Deeply moving, sensational choreographies
During the month of Margazhi, Chennai geared up for its annual music and classical dance season.
CHENNAI: During the month of Margazhi, Chennai geared up for its annual music and classical dance season. While I glanced at the line-up of artistes across sabhas, my choice was the Bharathanatyam recital of Srinidhi Raghavan, a New York-based dancer who is the disciple of Usha Raghavan and Malathy Thothadri. She shared the stage that day with Usha Raghavan on nattuvangam, Sai on vocals, G Vijayaraghavan on the mridangam, Kalaiarasan on the violin and Athul Kumar on the flute. The performance was under the auspices of Karthik Fine Arts at the Bharatiya Vidya Bhavan in Mylapore.
Being one among the many rasikas that day, I was excited to know which items the artiste planned on presenting. Srinidhi began with a Nammazhvar Pasuram — Kundram endhi — in the ragam Nattai followed by the varnam, Swami unnaye naan migavum nambinene, composed by the Tanjore Quartet in the ragam Reethigowla. The varnam was executed with crisp jathis, neat lines, a clean araimandi and deeply thought out sanchaaris. I particularly enjoyed Srinidhi’s extrapolation on the notion of faith where she described a scene from the Mahabharatha set right before the Kurukshetra war.
A little bird sees elephants levelling the battlefield in the distance. Alarmed that her nest and her young will not survive the war, she flutters to Krishna and asks for help, surrendering herself and the fate of her young at the feet of the Lord. While the varnam was a testament to the choreographic and execution skills of Srinidhi, the piece that stole the audience’s breath away was an original work — Kunti — an item composed by Usha Raghavan and choreographed by Srinidhi. This is where I want to focus my review.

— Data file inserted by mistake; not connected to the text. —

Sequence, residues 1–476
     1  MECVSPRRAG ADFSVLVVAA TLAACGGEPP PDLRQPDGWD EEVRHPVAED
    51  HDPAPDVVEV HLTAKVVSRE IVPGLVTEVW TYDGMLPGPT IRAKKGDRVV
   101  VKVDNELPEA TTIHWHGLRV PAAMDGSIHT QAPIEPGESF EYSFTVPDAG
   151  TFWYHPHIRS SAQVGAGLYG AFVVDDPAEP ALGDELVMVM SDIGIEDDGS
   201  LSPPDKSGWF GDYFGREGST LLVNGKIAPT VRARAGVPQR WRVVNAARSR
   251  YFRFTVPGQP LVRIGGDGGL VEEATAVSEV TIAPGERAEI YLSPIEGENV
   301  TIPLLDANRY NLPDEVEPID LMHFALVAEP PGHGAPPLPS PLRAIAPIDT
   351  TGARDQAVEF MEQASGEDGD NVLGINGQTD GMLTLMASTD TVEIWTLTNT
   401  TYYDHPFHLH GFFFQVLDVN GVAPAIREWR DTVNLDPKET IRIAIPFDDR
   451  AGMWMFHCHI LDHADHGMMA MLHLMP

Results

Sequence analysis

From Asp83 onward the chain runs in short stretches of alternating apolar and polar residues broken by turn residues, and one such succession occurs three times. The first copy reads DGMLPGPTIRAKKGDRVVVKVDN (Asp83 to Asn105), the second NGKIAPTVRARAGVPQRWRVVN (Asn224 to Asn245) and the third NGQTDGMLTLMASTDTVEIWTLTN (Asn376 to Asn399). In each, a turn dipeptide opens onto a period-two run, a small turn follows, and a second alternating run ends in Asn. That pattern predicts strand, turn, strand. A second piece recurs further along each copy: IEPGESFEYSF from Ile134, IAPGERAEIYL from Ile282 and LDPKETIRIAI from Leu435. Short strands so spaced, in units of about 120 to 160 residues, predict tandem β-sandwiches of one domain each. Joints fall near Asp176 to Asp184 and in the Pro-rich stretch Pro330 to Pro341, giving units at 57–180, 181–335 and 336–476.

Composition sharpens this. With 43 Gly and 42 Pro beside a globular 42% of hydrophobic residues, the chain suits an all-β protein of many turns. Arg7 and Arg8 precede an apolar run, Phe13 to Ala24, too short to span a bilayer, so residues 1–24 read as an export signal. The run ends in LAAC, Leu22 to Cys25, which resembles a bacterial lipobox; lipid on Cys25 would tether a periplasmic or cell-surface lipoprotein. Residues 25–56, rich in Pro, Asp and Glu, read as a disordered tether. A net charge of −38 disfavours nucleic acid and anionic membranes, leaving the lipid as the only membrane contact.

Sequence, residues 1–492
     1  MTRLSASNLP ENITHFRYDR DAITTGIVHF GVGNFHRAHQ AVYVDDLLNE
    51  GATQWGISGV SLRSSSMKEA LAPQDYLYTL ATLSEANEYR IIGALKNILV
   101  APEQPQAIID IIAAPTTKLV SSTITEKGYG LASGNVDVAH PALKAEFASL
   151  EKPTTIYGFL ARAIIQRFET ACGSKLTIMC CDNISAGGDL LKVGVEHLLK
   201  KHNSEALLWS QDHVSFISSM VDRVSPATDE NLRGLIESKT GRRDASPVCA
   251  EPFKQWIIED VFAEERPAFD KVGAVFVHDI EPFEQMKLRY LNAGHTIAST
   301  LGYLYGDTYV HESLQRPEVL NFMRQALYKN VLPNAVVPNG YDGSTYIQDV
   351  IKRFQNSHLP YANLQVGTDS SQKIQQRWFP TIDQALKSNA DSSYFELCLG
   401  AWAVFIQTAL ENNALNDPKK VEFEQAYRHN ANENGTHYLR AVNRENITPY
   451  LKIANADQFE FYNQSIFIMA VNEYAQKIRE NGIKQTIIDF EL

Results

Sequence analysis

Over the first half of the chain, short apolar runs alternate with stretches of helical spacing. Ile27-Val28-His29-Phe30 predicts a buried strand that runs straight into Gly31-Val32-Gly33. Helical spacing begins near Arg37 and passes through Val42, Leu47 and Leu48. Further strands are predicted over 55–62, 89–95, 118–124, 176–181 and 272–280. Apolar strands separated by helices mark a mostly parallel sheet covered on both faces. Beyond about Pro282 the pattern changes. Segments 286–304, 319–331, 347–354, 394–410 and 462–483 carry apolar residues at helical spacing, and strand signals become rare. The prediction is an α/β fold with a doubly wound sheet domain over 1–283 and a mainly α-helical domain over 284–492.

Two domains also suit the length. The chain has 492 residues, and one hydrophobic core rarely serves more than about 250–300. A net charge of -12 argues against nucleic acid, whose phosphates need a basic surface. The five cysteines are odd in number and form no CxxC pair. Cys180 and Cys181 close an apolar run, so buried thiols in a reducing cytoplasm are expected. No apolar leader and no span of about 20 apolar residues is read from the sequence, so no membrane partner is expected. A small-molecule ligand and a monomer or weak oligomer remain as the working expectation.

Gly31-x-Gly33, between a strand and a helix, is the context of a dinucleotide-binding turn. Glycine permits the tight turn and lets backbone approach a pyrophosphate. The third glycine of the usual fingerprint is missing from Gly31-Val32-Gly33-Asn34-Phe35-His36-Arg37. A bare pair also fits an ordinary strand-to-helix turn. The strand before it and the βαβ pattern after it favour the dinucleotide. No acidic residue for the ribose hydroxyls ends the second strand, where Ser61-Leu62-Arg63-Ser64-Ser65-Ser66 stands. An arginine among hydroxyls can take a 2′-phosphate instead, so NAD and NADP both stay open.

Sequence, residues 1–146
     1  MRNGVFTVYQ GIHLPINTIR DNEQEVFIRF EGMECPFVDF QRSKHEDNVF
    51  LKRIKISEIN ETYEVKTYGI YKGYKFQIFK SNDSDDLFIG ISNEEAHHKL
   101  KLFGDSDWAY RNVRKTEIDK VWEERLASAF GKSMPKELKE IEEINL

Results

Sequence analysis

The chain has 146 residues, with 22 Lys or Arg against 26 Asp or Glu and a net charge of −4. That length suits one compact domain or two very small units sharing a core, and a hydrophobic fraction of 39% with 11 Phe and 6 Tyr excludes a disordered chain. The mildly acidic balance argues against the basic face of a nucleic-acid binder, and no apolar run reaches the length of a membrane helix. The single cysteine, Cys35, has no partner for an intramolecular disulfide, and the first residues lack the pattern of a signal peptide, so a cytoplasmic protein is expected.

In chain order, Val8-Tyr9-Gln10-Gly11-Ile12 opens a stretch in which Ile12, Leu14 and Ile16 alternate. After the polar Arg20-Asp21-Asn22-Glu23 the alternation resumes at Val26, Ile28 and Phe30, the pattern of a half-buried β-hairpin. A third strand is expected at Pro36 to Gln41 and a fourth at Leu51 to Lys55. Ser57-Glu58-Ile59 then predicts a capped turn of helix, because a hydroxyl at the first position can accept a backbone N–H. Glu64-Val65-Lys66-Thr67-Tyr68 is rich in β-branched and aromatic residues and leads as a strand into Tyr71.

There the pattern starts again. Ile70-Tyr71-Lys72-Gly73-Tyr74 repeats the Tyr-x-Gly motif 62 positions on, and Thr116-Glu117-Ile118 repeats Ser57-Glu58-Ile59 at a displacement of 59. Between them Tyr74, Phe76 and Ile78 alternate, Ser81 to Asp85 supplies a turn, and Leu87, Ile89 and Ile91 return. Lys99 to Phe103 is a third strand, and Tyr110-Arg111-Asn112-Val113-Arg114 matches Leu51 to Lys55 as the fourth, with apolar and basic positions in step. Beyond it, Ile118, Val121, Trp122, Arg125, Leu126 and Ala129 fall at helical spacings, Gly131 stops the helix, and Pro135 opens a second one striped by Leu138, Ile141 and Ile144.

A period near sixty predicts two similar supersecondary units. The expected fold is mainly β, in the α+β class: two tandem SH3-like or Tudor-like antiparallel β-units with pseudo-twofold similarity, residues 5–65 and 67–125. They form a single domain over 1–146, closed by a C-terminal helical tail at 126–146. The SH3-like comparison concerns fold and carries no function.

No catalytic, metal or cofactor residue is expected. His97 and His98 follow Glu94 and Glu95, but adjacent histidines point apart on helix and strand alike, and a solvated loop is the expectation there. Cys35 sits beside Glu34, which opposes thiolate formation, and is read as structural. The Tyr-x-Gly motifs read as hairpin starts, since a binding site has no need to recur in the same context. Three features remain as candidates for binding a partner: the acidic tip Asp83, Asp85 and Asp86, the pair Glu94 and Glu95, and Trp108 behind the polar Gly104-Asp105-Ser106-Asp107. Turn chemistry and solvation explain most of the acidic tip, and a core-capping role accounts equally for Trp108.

Kunti and Karna is an interesting and critical relationship from the Mahabharatha. It was Srinidhi’s characterisation of this mother-son duo that inspired me to write an elaborate review. I was at the edge of my seat — eager to see how the artiste would bring to life the superhuman birth of Karna to Kunti. Starting from the introduction of Kunti as a young princess, her services to the great sageDurvasa, his clairvoyance, him blessing her with a powerful mantra so that she could get a son from anyone she wished, to Kunti’s innocence of having fun by testing the mantra the artist was unfolding the story bit by bit.
Her expressions were spontaneous and fluid, slowly pulling the audience deeper into the character of Kunti. I especially remember getting chills when we saw the Sun God — in all his splendour— appear before her. The artiste showed the radiance on her face. As the piece developed, we saw an unwed mother slowly recover from shock, fall in love with her baby, and simultaneously battle the fear of social stigma. The subsequent outpouring of emotions as Kunti decides to abandon the child and as she watches him float away on the river moved everyone in the audience.
In the end, Kunti finally meets her handsome and valiant son, who is now grown up, and she asks him for a boon, which Karna only partially grants. A broken Kunti leaves her son once again, and a tearful audience burst into applause. Srinidhi concluded her performance with a thillana in Hamsanandhi brilliantly choreographed by Malathy Thothadri. Srinidhi captivated the audience with sizzling energy from head to toe. Looking forward to more such mesmerizing choreographies from Srinidhi in the future.
The writer is a ‘rasika’ from the city.
Captivating the audience
Srinidhi concluded her performance with a thillana in Hamsanandhi brilliantly choreographed by Malathy Thothadri. Srinidhi captivated the audience with sizzling energy from head to toe.
Know the dancer
Srinidhi Raghavan is a New York-based dancer who is the disciple of Usha Raghavan and Malathy Thothadri. She shared the stage with Usha Raghavan on nattuvangam, Sai on vocals, G Vijayaraghavan on the mridangam, Kalaiarasan on the violin and Athul Kumar on the flute.